What 2D Barcodes aren’t

Wednesday, October 5th, 02011 at 15:51 UTC

One of the most popular articles on (optional.is) is What are 2D Barcodes. It is both strange and intriguing why this might be. As 2D barcodes are bantered around in the media, I understand that people are interested in learning more. Since the time of writing that article, my opinion of 2D barcodes has changed completely. I want to outline why I feel 2D barcodes are becoming pointless and why everyone is doing it all wrong!

2D Barcodes

You see them dotted around everywhere these days. Those small, black and white titled icons saying “Click here with your smart phone!”. Their usage has thoroughly been corrupted by abhorrent practices to the point of them being useless to the customer!

The first gripe: Branding

All these 2D barcodes tend to say something like “Visit our site for more info” next to the pattern. I can’t help but think to myself, great, what is your URL? Oh, you’ve obfuscated it behind these black and white squares.

If you are going to use 2D barcodes, why oh why not ALSO give use the URL in human readable text? I’ve seen 2D barcodes on billboards, train stops, adverts on walls and other places where I can’t get out a $500 smart phone and take a photo in any reasonable amount of light, time and safety. If you added your URL using the alphabetic glyphs a human can read, then I might remember or write it down, but you didn’t, so I didn’t learn about your offer or product.

If you must use 2D barcodes, then please also add a URL in human readable text as well. I don’t have a fancy smart phone, in fact, neither does over 80% of people who carry a phone. 4 out of 5 people can’t decode your 2D barcode and yet, you give them no other ways of accessing your information. Just a human, unfriendly block of black and white squares… well done attracting that next customer. All you worry about is click-thru rates, tracking, engagement and metrics. It probably never occurred to you that by using 2D barcodes to track click-thrus, you are omitting users. You can track the visits, but have no idea how many people saw the 2D barcode and couldn’t engage.

I was recently send a picture of a 2D barcode on a car door. Ironically, the photo was taken via a camera on a phone, so it goes to show that people can take the photo, but can’t decode it either due to lack of software or ignorance of what it is. The 2D barcode did not have the URL printed nearby, without phones with decoding software, which is to say most people’s, this massive, prime real-estate, car-side door advertising space was wasted. In my head, I am wondering who thought this was a good idea!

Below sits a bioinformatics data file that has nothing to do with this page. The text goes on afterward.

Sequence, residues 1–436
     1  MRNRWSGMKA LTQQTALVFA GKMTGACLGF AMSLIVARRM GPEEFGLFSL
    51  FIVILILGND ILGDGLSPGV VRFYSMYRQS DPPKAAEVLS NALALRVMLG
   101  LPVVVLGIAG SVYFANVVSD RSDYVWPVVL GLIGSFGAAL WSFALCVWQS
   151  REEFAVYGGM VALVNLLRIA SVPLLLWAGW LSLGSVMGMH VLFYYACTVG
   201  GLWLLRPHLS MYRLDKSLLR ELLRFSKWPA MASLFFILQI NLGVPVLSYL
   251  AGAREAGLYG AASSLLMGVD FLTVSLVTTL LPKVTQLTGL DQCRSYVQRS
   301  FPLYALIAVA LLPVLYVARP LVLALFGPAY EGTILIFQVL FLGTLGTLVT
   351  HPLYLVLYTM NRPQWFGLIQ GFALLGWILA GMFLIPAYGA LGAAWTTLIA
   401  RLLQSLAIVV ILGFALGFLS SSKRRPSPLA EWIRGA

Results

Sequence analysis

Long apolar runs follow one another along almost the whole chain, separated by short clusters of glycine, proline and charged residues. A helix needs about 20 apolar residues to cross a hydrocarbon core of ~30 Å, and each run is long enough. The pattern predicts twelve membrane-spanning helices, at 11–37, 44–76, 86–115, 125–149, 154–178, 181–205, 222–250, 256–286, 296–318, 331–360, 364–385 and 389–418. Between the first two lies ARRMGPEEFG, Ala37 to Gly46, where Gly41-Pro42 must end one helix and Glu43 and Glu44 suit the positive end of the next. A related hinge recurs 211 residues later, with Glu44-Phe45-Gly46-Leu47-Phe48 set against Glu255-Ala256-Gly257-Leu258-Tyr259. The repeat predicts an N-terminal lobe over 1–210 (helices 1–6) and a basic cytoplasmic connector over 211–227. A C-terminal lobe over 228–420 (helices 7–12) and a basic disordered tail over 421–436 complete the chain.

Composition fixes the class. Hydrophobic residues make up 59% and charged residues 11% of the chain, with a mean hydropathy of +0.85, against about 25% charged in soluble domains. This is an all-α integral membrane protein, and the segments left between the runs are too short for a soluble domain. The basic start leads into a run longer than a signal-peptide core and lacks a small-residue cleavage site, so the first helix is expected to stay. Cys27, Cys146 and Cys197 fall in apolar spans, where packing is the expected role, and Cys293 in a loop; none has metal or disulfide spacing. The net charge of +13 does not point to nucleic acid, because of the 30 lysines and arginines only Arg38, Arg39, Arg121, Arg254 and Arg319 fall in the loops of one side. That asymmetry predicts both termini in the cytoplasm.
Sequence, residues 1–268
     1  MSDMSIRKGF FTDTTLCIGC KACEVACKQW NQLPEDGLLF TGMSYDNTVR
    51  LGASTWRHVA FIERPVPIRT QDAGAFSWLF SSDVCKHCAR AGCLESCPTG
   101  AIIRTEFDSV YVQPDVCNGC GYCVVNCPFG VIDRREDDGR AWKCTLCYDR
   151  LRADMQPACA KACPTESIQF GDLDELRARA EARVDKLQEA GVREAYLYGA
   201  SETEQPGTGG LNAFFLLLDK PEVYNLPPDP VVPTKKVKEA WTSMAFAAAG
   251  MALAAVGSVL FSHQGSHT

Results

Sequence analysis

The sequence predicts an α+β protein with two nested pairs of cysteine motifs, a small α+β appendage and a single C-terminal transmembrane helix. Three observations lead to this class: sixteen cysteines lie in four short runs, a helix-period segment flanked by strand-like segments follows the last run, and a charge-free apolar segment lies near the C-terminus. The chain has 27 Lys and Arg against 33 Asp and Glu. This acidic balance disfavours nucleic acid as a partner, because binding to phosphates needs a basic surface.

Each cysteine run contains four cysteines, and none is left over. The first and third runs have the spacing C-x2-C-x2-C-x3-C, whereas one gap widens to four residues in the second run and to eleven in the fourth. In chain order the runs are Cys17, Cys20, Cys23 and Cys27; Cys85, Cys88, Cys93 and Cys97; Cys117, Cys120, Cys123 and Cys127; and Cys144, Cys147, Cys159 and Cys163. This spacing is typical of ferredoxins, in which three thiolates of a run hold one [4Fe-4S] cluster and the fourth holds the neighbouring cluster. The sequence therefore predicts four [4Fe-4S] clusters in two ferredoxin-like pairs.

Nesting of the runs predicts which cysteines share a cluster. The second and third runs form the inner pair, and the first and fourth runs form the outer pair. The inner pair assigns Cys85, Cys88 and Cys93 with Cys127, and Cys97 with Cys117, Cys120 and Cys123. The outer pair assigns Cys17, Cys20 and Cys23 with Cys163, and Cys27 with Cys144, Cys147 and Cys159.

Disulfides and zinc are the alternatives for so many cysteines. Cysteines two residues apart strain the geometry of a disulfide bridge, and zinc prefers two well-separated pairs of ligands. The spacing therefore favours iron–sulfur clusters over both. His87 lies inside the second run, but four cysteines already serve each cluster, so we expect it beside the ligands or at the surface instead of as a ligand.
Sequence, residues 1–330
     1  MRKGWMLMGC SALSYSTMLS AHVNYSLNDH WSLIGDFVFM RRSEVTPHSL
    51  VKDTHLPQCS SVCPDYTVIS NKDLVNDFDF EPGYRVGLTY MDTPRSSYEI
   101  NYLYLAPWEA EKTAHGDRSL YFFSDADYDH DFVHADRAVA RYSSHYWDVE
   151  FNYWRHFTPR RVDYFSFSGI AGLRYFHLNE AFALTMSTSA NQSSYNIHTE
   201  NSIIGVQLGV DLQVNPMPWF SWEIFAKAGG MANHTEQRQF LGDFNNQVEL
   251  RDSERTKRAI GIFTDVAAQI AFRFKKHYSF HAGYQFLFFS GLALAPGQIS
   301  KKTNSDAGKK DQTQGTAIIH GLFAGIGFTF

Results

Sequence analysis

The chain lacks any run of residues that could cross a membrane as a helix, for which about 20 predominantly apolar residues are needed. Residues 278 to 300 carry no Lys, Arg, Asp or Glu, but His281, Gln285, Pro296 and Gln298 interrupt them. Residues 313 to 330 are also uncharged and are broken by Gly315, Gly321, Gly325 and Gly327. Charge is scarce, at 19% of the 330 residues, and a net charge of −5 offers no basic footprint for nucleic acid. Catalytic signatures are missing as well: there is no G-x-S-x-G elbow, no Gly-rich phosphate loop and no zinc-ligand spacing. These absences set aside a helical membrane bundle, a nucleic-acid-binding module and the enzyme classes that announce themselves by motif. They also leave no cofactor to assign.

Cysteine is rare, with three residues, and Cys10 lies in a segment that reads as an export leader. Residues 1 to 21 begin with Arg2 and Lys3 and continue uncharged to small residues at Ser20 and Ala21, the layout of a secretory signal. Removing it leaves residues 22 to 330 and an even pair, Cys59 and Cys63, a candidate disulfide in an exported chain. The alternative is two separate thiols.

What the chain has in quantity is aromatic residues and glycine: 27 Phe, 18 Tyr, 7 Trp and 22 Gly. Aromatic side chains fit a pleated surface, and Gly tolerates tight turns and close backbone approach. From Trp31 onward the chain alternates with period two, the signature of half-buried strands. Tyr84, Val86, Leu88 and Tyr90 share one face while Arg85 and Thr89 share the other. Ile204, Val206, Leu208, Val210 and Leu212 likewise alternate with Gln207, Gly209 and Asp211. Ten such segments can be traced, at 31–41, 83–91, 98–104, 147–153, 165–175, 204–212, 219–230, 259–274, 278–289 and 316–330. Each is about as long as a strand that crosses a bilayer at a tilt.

Salesman #1 says, “Lets put our logo on the side of a car.”

Boss: “That’s a good idea!”

Salesman #2: “What if we add our URL so people can shop online if they don’t recognize the logo!”

Boss: “An even better idea, we should make the URL part of our logo.”

Salesman #3: “How about we scrape all that and make it this new 2D barcode I heard my nephew talking about. They are the future!”

Now, this might sound cool, but why sacrifice brand and URLs for obfuscated squares! Especially on a car door. Most vehicles are moving and you might catch a glimpse of them as they roll past. A strongly branded logo is memorable as it zips by, maybe people would catch the textual URL if it was short and catchy, but a 2D barcode! I doubt it. Who has time to take out a phone, navigate to the application, launch it, point it at the speeding vehicle… Oh no, its gone. did you see what it said? Nope. Out of context, a 2D barcode fails miserably. There are so many simple shortcuts that can improve or even replace 2D barcodes, but no one ever does.

The second gripe: Size

It’s usually too small. The right size does matter. You almost never make 2D barcodes big enough to read with older cameras on early phones. If I can’t decode it, then please see gripe number 1 as a fallback! Since you need to make the 2D barcode big enough for phones to read it, you take away valuable space for actual information. The amount of ink and space used to make a barcode is almost always larger than a simple text URL. Think about that before you waste my time and eyeballs.

My third gripe: Beauty

They are in no way ascetically pleasing. Some companies do this much better than others, but generally it is a massive block right in the middle of an advertisement. It certainly wasn’t the art director who added this, it was a middle-manager who thought they needed it in their ad space to look cool. Are you advertising to humans or to robots? What is it about a white and black, nondescript set of squares that entices me about your product?

A local paid-for newspaper decided to run an issue with 2D barcodes. It was less of a decision and more that the local phone company turned the entire paper into an advertisement, and bought enough copies to give to everyone in Iceland for free. Dotted around the articles were 2D barcodes. None of which were large enough for my phone to decode, so that violates gripe #2. None had any URL info, see gripe #1, but when you manage to decode them, they went to advertisements or at best a link to the same article in a digital form. That doesn’t really improve the reading experience. Nothing about this little un-ascetic square made the reading experience better, no interaction, no social engagement, no link to comment. It was an attempt by the phone company to research info about the general public while trying to push more smart phone sales to them. Note that they never did a follow-up or ran a second paper with 2D barcodes.

My fourth gripe: Input

We don’t use T9 input anymore. There was once a use-case where this was a genuine problem. Data entry on a phone via T9 was always a pain. If you had a poster of an upcoming concert and wanted to have a link to buy tickets from some third-party provider, then you would have a massive URL with registration code, location, date, venue, band, some API key, etc. It would be really large and unwieldy to type. To get around this massive URL, which had a high probability of being mis-typed, clicking a 2D barcodes made it easier. But tiny URLs can also mitigate the risk of typos. A tiny URL can make a long URL short which can be printed in the advertisement. This solves gripe #1! Most smartphones worth their price are using full keyboards. There is no reason to use T9 for slow input any more. 2D barcodes are solving a problem that no longer is really the issue. A short URL works in so many better ways than 2D barcodes and is easy to type on any modern phone that could decode a 2D barcode. A single pattern to photograph and decode was important in a world where the devices didn’t have full keyboard, or even keyboards at all. Like 1D barcodes, 2D could be read by devices without any user-input. Think barcode scanners on assembly lines. Somehow it transferred over to a world in which we can type on a full qwerty keyboard, yet people are pushing tools which go against our normal input methods and replace them with a more “machine friendly” interaction.